Flooded roads, collapsed houses and bridges, mudslides, torrents of water: unusually heavy rainfall has caused chaos, devastation and deaths in South Africa's coastal region.

"We were all surprised by the intensity of this storm," said Mayor Mxolisi Kaunda of the Ethikwini region around the port city of Durban on Tuesday.

"There is a lot of damage, the floods are everywhere." The city has opened community centers as emergency shelters for flood victims.

The priority now is to save human life.

"Here, sheer chaos reigns all around," reports Chris Schädle, the German owner of "Siggi's" restaurant in Salt Rock.

The small South African coastal town is located on the Indian Ocean, not far from the port city of Durban, which is twinned with Bremen.

Schädle's staff had to spend the night in the restaurant on Tuesday night because a bridge that had been washed away blocked a connecting road.

Around 200 millimeters of precipitation fell over the region within 24 hours, reported André de Ruyter from the electricity company Eskom on Tuesday.

The situation was made more difficult by power failures, landslides, but also an outdated infrastructure that could no longer absorb the enormous amounts of water.

According to de Ruyter, the power outages can only be resolved once the continuous rain stops.

"Since the flooding is still ongoing, we are taking stock of the damage." Although it is still largely unclear, the country's media assumed at least 20 deaths.

Property damage in the millions is also feared.

The military has been placed on alert to assist with emergency relief.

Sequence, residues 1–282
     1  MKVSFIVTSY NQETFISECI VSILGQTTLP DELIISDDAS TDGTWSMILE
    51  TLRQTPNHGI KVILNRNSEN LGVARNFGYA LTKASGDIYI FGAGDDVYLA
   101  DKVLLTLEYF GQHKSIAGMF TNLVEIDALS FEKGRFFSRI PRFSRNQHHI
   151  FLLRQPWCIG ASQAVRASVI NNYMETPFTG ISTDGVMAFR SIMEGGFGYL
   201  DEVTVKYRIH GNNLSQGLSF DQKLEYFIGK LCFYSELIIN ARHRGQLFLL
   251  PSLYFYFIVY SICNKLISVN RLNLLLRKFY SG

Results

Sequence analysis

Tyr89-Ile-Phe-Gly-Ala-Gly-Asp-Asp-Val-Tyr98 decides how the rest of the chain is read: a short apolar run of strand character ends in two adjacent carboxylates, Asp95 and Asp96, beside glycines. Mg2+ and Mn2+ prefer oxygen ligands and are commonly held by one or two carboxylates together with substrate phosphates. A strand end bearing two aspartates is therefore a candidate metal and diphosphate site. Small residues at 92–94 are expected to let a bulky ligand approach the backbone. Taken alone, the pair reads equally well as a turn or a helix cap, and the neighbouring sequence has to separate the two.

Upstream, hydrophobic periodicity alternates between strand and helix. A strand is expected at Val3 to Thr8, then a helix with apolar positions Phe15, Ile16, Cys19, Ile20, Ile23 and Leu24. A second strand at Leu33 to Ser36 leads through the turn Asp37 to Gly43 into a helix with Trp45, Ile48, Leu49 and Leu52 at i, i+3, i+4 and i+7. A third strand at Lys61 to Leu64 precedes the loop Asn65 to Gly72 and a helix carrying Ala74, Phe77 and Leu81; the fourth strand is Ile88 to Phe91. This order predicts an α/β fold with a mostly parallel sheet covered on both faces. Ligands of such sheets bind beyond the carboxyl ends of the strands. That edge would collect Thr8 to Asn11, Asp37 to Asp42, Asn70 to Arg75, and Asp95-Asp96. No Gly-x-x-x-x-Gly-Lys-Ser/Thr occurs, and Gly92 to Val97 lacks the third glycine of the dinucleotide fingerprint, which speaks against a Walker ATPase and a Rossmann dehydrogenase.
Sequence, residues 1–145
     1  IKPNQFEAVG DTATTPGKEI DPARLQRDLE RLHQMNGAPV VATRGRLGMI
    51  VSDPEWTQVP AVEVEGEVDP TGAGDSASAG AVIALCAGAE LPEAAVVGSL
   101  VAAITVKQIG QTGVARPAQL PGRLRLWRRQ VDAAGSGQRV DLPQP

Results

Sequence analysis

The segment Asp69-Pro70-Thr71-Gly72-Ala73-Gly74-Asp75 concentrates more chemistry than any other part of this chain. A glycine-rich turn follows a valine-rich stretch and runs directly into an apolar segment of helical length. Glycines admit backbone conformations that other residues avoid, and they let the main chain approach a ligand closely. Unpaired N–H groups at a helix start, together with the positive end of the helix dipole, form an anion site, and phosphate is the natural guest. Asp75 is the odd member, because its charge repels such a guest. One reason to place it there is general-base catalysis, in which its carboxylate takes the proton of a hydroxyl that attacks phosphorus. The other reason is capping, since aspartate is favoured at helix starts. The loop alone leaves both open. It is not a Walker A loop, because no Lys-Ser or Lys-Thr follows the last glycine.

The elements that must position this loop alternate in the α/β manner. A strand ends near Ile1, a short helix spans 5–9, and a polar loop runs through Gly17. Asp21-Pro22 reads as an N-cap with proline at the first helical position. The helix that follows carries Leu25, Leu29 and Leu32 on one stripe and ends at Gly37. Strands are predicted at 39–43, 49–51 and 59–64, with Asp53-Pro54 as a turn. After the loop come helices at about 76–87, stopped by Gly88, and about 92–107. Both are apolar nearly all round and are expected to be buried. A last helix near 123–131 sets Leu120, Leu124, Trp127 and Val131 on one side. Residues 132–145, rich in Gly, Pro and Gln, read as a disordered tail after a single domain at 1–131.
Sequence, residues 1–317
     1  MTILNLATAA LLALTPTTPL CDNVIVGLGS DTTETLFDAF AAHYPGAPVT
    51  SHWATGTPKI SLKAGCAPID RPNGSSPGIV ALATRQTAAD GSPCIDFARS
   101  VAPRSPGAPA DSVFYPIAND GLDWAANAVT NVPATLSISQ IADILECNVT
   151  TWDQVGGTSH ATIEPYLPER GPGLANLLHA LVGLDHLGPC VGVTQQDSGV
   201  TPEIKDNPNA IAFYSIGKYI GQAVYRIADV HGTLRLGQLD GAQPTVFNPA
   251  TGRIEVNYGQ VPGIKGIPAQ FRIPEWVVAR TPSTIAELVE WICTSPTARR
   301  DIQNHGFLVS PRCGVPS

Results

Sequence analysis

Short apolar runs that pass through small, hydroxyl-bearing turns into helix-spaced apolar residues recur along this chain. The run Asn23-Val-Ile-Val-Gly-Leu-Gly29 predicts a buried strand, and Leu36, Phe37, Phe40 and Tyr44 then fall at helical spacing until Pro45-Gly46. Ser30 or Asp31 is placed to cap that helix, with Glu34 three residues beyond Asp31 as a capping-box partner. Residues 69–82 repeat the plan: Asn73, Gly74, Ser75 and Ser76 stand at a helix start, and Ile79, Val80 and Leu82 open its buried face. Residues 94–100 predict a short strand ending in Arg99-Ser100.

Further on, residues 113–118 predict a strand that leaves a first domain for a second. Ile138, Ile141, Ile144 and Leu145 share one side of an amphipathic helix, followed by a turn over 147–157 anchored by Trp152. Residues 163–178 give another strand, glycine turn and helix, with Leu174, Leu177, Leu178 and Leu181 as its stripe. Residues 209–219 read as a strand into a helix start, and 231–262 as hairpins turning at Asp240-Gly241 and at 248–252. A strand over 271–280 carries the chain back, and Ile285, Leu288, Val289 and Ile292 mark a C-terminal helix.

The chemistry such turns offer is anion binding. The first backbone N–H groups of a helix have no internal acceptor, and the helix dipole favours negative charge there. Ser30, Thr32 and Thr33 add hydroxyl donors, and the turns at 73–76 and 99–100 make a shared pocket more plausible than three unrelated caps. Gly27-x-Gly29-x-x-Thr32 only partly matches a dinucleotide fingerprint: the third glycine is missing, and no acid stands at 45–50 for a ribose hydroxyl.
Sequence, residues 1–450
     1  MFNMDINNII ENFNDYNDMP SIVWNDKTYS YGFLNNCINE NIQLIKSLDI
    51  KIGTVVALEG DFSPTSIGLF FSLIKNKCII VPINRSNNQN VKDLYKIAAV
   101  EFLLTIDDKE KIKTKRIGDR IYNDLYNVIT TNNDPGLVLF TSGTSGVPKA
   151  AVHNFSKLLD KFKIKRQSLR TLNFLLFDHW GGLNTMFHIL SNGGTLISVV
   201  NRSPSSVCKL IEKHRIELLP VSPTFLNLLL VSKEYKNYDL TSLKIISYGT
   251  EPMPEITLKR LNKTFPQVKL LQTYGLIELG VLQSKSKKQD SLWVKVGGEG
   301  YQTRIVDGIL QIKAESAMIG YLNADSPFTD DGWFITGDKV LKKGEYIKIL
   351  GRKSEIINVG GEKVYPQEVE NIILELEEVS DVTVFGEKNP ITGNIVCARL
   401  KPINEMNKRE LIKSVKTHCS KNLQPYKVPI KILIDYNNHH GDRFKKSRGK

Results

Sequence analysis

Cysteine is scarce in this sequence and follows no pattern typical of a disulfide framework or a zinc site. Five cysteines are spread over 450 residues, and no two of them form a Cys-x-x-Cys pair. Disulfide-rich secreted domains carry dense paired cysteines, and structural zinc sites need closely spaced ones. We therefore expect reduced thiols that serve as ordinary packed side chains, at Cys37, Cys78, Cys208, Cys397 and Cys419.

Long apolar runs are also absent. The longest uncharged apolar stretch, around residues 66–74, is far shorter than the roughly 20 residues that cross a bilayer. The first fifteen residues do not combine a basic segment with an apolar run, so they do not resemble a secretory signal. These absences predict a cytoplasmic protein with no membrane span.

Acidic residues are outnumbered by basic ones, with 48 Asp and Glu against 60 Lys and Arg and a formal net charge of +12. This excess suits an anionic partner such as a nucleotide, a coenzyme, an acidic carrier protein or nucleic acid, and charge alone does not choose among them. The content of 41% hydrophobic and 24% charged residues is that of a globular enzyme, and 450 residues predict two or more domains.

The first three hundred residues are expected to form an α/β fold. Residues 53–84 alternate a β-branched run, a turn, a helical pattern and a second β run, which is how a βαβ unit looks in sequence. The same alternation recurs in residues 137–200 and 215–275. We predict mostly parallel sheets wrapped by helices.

Help was also requested from other provinces.

Numerous landslides

According to official information on Tuesday morning, there were numerous landslides and many important connecting roads are under water.

On social media, residents showed videos of torrents of water in houses and settlements as well as pictures of stuck trucks or cars that were swept away by the water masses.

The population was asked to stay in their homes in view of the persistent rainfall, but to leave lower-lying regions.

Floods had already occurred at the beginning of the year.

"But as hard as now - that hasn't happened here before," said Schädle.

The country at the southern tip of Africa is currently in the grip of an extreme weather situation that brings with it a disproportionate amount of humidity in a very short time.

More precipitation was announced for the second half of the week.

For many otherwise a vacation spot

The province of KwaZulu-Natal is located on the Indian Ocean and borders Lower Saxony's partner province, the Eastern Cape Province.

Several German automotive companies and suppliers are also based there.

In the affected coastal towns, where many South Africans and foreigners have holiday homes, rushing fountains of water shot out of lower-lying apartments over balconies on Tuesday.

The coastal province of KwaZulu-Natal is one of the country's top holiday destinations, already bracing for the traditional Easter rush of domestic and foreign tourists.

The so-called Springbok Germans also live there: South Africans of German origin who also settled in what is now the province of KwaZulu-Natal in the mid-19th century.

The Hamburg ship broker and German consul Malte Kersten estimates the number of these South Africans in places like Braunschweig, Augsburg, New Germany and New Hanover to be around 15,000.

Hermannsburg, located inland, was once founded by missionaries from the town of the same name in the Lüneburg Heath. Today it is the seat of a school and a museum.

According to Kersten, there are 5,000 Germans living in the provinces in addition to the Springbok Germans.